Mass Arrests of California Immigrants

Screen grab of headlines from Bay Area ABC 7 News,

I expected to attend a bail hearing today, for an immigrant detained by ICE. Instead, there’s going to be a rally to protest the arrest of 150 immigrants in Northern California since Sunday. I’m horrified by what I understand about yesterday’s Supreme Court decision (still reading up on it). Briefly, from NPR: “The U.S. Supreme Court ruled Tuesday that immigrants, even those with permanent legal status and asylum seekers, do not have the right to periodic bond hearings.” Here’s the email I received about the arrests and today’s protest. I’m headed there shortly.  – Eva

Press release from the Power, Not Panic Emergency Response Committee: Major Protest Planned in SF to Denounce ICE Raids

As lawyers mobilize, civil rights groups condemn raids as retaliation, Demand due process and transparency

SAN FRANCISCO  — This evening (Feb.27), Immigration and Customs Enforcement (ICE) confirmed that it had conducted at least 150 arrests in deportation operations across Northern California over the last several days. Local “rapid response” hotlines documented a pattern of psychological intimidation beginning Sunday. For example, ICE agents congregated at food trucks in Napa and reportedly joked about who would be arrested next. In Atwater, ICE agents conducted several arrests simply by racially profiling people who walked into a convenience store.

Advocates caution that ICE has a long track record of deceiving the public about its arrests and call upon the press to question the agency’s claims. Advocates also encourage community members to Know Their Rights.

A broad array of local organizations, coalitions, and networks, informally known as the “Power, not Panic Emergency Response Committee” has come together to denounce ICE’s operation as a profound abuse of power and to mount an emergency response.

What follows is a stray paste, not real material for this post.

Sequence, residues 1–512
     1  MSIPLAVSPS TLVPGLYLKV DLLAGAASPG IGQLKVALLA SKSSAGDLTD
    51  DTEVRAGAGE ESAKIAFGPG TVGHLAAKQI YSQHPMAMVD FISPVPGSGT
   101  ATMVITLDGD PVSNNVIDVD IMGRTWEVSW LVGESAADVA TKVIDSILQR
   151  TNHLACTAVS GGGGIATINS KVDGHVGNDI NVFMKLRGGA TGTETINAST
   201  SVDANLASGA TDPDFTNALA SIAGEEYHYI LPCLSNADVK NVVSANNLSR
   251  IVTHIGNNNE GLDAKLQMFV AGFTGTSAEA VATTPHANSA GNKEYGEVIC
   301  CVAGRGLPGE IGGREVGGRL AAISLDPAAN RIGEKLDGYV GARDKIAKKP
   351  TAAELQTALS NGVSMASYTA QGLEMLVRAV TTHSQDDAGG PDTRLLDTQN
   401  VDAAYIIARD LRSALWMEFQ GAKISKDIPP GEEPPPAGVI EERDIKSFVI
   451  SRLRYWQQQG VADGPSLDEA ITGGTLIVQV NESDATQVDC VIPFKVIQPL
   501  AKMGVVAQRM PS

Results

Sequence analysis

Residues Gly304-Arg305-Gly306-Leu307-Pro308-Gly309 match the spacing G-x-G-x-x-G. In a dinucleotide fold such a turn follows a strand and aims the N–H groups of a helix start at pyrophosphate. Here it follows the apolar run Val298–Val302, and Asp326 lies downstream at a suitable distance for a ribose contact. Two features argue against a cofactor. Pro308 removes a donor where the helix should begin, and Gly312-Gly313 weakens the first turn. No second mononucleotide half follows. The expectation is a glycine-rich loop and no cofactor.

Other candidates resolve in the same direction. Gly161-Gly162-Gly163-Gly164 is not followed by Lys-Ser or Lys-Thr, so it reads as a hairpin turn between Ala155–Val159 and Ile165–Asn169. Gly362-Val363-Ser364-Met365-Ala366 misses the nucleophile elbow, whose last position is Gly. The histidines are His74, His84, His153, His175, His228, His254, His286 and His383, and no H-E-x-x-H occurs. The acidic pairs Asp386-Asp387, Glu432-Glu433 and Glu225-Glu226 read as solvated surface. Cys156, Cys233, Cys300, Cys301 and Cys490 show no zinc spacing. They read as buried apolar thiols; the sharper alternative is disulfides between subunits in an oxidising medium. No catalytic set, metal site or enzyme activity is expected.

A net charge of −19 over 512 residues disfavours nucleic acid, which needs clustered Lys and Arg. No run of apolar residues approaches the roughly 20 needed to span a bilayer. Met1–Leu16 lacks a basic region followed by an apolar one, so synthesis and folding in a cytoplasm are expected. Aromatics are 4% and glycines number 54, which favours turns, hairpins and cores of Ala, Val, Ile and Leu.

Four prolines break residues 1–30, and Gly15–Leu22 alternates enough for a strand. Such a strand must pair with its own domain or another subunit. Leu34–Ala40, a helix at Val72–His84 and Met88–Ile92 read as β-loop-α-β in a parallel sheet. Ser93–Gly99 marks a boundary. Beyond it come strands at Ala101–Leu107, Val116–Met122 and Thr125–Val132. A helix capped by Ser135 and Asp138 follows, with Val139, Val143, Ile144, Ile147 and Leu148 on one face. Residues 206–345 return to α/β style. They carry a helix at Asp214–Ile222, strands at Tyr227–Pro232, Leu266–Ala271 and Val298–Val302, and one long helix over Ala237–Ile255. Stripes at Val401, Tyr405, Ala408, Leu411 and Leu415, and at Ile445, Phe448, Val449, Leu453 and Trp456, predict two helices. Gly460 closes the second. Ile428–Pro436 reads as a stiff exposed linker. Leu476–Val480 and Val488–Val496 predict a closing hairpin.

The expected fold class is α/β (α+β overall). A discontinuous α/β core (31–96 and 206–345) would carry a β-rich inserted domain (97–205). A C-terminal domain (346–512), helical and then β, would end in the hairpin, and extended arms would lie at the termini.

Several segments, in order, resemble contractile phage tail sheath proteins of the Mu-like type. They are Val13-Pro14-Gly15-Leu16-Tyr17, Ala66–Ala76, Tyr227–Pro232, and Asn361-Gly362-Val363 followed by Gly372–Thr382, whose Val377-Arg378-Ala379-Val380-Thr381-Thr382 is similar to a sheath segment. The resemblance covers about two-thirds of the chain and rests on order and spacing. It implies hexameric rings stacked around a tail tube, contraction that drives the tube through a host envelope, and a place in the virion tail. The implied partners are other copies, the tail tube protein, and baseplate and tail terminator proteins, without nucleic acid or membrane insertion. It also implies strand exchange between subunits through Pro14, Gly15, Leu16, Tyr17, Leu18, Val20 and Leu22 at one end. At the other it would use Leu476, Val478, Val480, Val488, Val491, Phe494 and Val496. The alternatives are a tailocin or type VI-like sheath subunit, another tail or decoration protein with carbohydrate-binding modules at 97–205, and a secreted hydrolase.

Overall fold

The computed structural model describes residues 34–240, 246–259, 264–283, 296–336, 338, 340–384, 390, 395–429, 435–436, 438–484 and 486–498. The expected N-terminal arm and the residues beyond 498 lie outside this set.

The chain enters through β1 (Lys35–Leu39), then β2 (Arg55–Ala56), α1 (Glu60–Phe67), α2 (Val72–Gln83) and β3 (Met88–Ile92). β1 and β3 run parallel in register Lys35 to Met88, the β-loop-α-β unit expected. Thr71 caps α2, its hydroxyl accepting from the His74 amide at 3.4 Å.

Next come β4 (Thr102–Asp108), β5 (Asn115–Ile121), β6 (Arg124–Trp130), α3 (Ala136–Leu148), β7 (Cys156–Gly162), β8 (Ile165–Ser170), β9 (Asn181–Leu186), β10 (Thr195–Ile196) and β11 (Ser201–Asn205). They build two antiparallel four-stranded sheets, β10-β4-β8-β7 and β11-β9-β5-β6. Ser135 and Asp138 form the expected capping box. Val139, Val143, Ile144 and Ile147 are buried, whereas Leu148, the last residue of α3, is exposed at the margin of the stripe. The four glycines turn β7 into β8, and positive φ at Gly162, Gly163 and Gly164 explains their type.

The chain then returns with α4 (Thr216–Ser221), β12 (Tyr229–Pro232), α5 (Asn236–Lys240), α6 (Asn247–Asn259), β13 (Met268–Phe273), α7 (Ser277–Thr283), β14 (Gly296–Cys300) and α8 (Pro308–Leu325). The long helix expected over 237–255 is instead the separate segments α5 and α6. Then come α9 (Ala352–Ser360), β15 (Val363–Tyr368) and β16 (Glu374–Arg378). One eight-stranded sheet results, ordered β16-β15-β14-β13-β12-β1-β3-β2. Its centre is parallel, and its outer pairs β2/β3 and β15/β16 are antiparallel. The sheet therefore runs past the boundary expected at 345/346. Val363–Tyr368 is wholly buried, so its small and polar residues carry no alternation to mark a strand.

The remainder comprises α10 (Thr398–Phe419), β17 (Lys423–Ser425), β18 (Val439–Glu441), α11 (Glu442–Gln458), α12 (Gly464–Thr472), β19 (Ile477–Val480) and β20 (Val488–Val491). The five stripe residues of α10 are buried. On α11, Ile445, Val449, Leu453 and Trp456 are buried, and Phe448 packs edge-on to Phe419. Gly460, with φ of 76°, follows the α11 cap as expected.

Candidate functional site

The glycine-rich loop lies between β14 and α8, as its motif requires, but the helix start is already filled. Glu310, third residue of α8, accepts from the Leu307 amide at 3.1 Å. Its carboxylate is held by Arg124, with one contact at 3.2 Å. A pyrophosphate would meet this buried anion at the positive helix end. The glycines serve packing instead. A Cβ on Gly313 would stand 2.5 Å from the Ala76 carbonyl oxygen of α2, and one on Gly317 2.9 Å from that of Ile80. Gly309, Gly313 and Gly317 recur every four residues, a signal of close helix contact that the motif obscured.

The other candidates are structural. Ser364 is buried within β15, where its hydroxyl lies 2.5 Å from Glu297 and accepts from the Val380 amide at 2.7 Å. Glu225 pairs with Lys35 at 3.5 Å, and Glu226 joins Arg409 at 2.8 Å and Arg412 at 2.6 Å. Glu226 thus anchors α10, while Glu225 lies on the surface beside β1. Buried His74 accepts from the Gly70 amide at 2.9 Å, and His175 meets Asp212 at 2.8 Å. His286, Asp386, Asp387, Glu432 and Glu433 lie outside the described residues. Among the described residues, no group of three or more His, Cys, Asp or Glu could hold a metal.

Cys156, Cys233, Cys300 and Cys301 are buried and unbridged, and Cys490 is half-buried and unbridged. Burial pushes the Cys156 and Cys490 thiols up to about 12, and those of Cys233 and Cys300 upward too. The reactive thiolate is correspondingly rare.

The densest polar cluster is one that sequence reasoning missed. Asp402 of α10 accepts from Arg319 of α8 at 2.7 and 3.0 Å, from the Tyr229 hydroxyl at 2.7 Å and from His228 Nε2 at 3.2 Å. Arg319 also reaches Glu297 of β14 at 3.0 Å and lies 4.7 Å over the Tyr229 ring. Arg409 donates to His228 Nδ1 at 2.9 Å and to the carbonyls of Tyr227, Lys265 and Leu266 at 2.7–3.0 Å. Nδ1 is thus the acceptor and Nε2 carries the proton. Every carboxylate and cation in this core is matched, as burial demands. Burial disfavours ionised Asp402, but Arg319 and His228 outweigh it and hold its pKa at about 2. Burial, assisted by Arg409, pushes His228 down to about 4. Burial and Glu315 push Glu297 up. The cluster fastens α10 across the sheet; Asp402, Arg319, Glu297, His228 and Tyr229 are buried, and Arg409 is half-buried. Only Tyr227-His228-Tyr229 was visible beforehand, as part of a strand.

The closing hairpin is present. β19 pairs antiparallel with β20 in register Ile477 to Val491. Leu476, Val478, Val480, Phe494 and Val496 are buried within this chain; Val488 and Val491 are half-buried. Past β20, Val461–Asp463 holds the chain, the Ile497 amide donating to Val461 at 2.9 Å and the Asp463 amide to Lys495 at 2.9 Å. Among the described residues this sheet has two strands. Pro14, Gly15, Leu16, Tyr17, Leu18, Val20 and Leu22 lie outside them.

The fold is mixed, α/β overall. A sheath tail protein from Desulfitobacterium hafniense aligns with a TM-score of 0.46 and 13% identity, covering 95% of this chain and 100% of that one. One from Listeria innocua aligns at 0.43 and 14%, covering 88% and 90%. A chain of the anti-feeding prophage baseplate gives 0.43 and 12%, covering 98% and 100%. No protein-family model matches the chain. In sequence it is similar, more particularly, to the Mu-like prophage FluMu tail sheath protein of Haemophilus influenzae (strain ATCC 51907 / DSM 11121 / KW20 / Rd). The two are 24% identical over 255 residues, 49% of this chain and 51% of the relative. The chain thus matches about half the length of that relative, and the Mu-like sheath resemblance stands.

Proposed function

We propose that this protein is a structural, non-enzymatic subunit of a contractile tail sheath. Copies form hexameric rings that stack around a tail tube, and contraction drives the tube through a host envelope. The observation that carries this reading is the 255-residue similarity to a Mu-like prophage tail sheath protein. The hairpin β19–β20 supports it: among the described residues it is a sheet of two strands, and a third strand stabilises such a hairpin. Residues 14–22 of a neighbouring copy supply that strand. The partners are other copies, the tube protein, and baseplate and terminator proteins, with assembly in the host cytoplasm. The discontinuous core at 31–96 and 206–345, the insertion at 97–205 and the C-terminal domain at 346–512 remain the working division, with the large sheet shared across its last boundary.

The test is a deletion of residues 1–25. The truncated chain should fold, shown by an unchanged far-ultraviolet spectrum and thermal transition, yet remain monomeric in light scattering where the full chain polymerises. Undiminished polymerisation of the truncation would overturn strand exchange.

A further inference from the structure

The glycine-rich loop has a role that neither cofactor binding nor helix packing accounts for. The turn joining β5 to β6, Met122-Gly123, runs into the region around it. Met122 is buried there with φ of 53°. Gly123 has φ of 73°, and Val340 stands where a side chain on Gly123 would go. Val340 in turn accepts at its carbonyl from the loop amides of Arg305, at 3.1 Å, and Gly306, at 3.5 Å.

• Groups across the Bay Area will denounce ICE’s operation at a 12:00 PM rally at ICE’s Northern California headquarters at 630 Sansome St. in San Francisco.

  • Dozens of trained attorneys are on standby to assist those who are affected, and to monitor and document abuses, as well as to advocate for due process.

The arrests come amidst an escalating series of retaliatory actions nationwide from ICE. In California, the Trump administration has taken aim at state and local policies which limit law enforcement involvement in painful deportations. These “sanctuary” policies, advanced by a growing movement, help keep families together and limit racial profiling. The operation also comes in the wake of a devastating Supreme Court ruling today which allows the federal government to indefinitely detain immigrants without the due process that every person deserves.

The following is a statement prepared in advance of ICE’s threatened operation, issued by the organizations named below:

As community, civil rights, and legal organizations, we stand together to demand an immediate halt to politically motivated abuses of power.

In these situations, it is vital to uncover the truth. We ask that our elected officials vigorously scrutinize ICE’s claims about the arrests it makes. All too often, from Santa Cruz to Texas, ICE’s claims have later been proven false.